CPF Payout and UK Tax

If you are employed in Singapore as a permanent resident (PR) or are a Singapore citizen, you will begin accumulating various CPF balances.

CPF stands for central provident fund and is a key pillar of Singapore’s social security system, which helps both Singapore citizens and permanent residents set aside funds to build a strong foundation for retirement.

 

Special Account, Ordinary Account and Medisave Account

For those under the age of 55, these are split between a Special Account, Ordinary Account and Medisave Account.

For those unfamiliar with what a medisave account is, quite simply it is a national medical savings scheme that helps individuals set aside part of their income to pay for their personal or approved dependents’ hospitalisation, day surgery and certain outpatient expenses, as well as their healthcare needs in old age.

Though contribution rates change with age, you can expect to pay 20% of your income into CPF whilst your employer will pay in 17%. Given those high rates, it is clear that you could build up a significant sum in CPF fairly quickly.

Given the guaranteed interest rates available shown here , and given that they typically offer higher rates of return that other risk-free options, our general advice for expats is to simply take the interest rates (as opposed to investing via CPF) and to view it as part of the low-risk portion of you overall portfolio. This can be supplemented with higher risk investing elsewhere, with the route to those higher risk investments being selected based on what suits your current situation and likely future tax residence.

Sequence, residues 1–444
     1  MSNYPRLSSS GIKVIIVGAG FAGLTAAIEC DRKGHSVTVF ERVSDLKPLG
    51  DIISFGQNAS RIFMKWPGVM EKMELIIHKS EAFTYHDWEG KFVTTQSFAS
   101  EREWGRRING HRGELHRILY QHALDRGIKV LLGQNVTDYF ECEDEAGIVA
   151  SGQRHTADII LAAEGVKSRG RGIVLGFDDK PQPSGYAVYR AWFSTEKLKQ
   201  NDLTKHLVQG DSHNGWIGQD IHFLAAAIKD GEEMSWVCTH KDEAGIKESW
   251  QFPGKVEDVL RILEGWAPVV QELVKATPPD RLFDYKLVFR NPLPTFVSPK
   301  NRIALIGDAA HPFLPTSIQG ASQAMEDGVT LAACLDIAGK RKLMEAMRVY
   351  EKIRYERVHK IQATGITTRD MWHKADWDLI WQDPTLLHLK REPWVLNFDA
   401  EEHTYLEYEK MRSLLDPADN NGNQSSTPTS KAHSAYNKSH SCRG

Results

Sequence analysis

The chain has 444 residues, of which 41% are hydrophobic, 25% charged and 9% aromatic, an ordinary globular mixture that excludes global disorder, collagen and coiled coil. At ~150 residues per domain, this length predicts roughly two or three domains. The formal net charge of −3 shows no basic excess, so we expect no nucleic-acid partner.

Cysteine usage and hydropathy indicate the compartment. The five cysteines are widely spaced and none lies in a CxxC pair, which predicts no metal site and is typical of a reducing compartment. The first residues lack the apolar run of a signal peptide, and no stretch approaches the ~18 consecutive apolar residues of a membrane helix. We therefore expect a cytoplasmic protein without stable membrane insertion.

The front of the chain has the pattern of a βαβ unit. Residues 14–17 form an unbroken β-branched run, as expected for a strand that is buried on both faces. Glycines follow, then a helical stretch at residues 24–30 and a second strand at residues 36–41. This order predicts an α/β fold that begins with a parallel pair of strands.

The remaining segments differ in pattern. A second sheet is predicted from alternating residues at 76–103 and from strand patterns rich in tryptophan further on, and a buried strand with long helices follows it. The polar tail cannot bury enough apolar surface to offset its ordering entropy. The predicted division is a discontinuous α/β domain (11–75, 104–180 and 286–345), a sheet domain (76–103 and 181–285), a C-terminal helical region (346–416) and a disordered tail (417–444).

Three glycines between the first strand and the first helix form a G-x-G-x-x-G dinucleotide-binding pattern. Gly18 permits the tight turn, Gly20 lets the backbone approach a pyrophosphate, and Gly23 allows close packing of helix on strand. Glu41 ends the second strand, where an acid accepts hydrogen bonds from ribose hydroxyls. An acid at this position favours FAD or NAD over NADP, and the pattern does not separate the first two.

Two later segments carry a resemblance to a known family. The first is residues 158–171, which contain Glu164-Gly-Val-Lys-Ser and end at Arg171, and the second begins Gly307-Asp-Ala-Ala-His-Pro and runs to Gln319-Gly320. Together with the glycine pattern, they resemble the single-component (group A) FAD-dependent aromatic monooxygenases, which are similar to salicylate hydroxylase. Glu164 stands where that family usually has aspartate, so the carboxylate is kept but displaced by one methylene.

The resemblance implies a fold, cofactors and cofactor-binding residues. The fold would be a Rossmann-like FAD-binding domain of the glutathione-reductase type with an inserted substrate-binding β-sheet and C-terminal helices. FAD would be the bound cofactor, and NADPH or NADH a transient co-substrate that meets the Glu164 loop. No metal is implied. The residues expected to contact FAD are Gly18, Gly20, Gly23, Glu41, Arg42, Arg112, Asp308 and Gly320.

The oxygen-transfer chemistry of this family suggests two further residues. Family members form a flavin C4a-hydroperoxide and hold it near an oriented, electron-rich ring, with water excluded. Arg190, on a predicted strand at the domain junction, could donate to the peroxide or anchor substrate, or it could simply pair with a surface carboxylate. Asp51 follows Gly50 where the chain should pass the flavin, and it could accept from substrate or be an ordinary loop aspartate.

If you leave and give up your PR status you will be able to take out the cash that you have accumulated without penalty. More information is available here

CPF Payouts

In contrast to how UK pensions are treated in the UK, CPF payouts are not typically taxable in Singapore. Note crucially however that there is nothing to prevent CPF proceeds from being taxed as income by HRMC, if you receive them as a UK tax resident. In fact, the DTA between the UK and Singapore gives exclusive taxing rights to the country in which you are resident if that country does tax the income

Consequently, it would be most tax efficient to ensure that the CPF withdrawal is made before the date on which you become tax resident under UK split year treatment in the relevant year.

Due to the tax treatment of CPF income in Singapore, people incorrectly assume that they can take the cash tax free wherever they are – do not make that mistake.

Note that, though not covered in detail here, this concern could be a relevant one in many other countries.

Speak to Chartwell Associates to receive detailed advice in your specific circumstances, and for guidance on how to avoid paying UK tax on your CPF payout. 

 

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